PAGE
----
Referring to FIGS. 1-4, 7 and 21, energy generated by the intraluminal generator 100 in response to the movement and/or deformation of the pressure change receiving structure 103 may be transmitted to a power utilization device 107 operably coupled to the intraluminal generator 100 by an electromagnetic radiation (EMR) coupling 106. One or more of the intraluminal generator 100 and the power utilization device 107 may comprise one or more of an EMR transmitter and an EMR receiver whereby energy may be transmitted via EMR signals in the infrared-frequency spectrum transceived between the intraluminal generator 100 and the power utilization device 107.

Referring to FIGS. 1-3, 8 and 21, energy generated by the intraluminal generator 100 in response to the movement and/or deformation of the pressure change receiving structure 103 may be transmitted to a power utilization device 107 operably coupled to the intraluminal generator 100 by an inductive coupling 106. The intraluminal generator 100 may include circuitry (e.g. a solenoid) configured to generate a magnetic field. The power utilization device 107 may include circuitry configured to generate an electrical current when disposed in a location proximate to the magnetic field.

Referring to FIGS. 1-3, 8 and 21, energy generated by the intraluminal generator 100 in response to the movement and/or deformation of the pressure change receiving structure 103 may be transmitted to a power utilization device 107 operably coupled to the intraluminal generator 100 by a resonant inductive coupling 106. The intraluminal generator 100 and the power utilization device 107 may include one or more waveguides configured to transceive evanescent electromagnetic signals. The waveguides may be configured such that a receiving waveguide is in resonance with a transmitting waveguide so as to provide evanescent wave coupling between the waveguides. Upon reception, the evanescent waves may be rectified into DC power for use in the power utilization device 107.

Referring to FIGS. 1-3, 8 and 21, a first intraluminal generator 100 and first power utilization device 107 operably coupled by a first resonant inductive coupling 106 (as described above) may be at least partially co-located with a second intraluminal generator 100 and second power utilization device 107 operably coupled by a second resonant inductive coupling 106 within one or more anatomical structures. In order to avoid interference between the first resonant inductive coupling 106 and the second inductive coupling 106, the waveguides associated with the first resonant inductive coupling 106 and the waveguides associated with the second inductive coupling 106 may be configured so as to be in mutual resonance.

Referring to FIGS. 1-3, 9 and 21, energy generated by the intraluminal generator 100 in response to the movement and/or deformation of the pressure change receiving structure 103 may be transmitted to a power utilization device 107 operably coupled to the intraluminal generator 100 by an acoustical coupling 106. One or more of the intraluminal generator 100 and the power utilization device 107 may comprise one or more of an acoustical transmitter (e.g. an acoustic transducer and the like) and an acoustical receiver (e.g. a hydrophone) whereby energy may be conveyed via acoustical signals transceived between the intraluminal generator 100 and the power utilization device 107.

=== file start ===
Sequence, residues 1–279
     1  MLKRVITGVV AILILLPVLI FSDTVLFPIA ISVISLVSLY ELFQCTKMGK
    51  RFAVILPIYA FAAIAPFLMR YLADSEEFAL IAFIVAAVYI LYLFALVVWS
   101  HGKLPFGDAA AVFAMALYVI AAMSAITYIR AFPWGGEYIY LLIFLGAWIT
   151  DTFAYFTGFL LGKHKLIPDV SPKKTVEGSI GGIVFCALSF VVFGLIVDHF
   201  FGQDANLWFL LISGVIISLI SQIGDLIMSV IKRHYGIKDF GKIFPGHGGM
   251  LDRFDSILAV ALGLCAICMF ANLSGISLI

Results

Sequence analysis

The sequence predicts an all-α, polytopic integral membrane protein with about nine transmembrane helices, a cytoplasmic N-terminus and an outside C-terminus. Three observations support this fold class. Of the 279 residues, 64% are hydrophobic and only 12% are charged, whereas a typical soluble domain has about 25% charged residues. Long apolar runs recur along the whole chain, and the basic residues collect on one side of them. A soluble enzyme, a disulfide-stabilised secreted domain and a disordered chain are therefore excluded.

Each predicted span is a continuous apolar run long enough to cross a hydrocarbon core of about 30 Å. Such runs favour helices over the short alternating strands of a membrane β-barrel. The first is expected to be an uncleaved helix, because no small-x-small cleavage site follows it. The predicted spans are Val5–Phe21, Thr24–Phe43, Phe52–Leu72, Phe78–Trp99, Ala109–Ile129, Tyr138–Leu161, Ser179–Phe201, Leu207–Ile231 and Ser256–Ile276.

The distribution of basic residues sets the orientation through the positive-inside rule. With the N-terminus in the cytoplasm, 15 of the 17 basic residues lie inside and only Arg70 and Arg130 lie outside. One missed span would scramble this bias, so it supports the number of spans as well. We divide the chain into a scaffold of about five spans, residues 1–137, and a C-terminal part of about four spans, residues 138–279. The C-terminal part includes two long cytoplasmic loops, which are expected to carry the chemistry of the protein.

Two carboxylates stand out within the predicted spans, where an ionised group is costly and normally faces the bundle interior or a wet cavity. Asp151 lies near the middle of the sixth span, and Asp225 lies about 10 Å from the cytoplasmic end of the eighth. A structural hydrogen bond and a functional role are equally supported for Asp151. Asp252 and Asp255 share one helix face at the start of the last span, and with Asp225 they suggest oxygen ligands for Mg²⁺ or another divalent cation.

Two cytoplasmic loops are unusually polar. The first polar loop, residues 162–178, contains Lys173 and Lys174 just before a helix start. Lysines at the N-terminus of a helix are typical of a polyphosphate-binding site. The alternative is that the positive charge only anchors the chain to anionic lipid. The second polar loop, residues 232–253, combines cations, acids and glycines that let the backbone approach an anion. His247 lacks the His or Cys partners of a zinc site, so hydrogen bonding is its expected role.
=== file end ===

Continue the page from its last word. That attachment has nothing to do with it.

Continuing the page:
Referring to FIGS. 1-3, 9 and 21, one or more of the intraluminal generator 100 and the power utilization device 107 may comprise one or more of an acoustical transmitter (e.g. an acoustic transducer and the like) and an acoustical receiver (e.g. a hydrophone) whereby energy may be conveyed via acoustical signals transceived between the intraluminal generator 100 and the power utilization device 107 as described above. The one or more acoustical transmitters and acoustical receivers may be in resonance (e.g. an acoustical transmitter generates acoustical waves that are in phase with a movement of the acoustical receiver).

Referring to FIGS. 1-3, 9 and 21, one or more of the intraluminal generator 100 and the power utilization device 107 may comprise one or more of an acoustical transmitter (e.g. an acoustic transducer and the like) and an acoustical receiver (e.g. a hydrophone) whereby energy may be conveyed via acoustical signals transceived between the intraluminal generator 100 and the power utilization device 107. The one or more acoustical transmitters and acoustical receivers may be in resonance (e.g. an acoustical transmitter generates acoustical waves that are in phase with a movement of the acoustical receiver) where the Q factor of the acoustical transmitter and acoustical receiver is at least 10,000. A transmitter/receiver system may be such as described in “Tunable high-Q surface-acoustic-wave resonator” by Dmitriev, et al., Technical Physics, Volume 52, Number 8, August 2007, pp. 1061-1067(7); U.S. Patent Application Publication No. 20060044078, “Capacitive Vertical Silicon Bulk Acoustic Resonator” to Ayazi, et al.; “Acoustic Wave Generation and Detection in Non-Piezoelectric High-Q Resonators”, Lucklum, et al., Ultrasonics Symposium, 2006, October 2006, Pages: 1132-1135.

Referring to FIGS. 1-3, 10 and 21, energy generated by the intraluminal generator 100 in response to the movement and/or deformation of the pressure change receiving structure 103 may be transmitted to an at least partially intraluminal (e.g. inside of lumen 101A) power utilization device 107A via a coupling 106.

FIGS. 1-3, 10 and 21, energy generated by the intraluminal generator 100 in response to the movement and/or deformation of the pressure change receiving structure 103 may be transmitted to an at least partially extraluminal (e.g. external to a lumen 101A containing the intraluminal generator 100) power utilization device 107D via a coupling 108.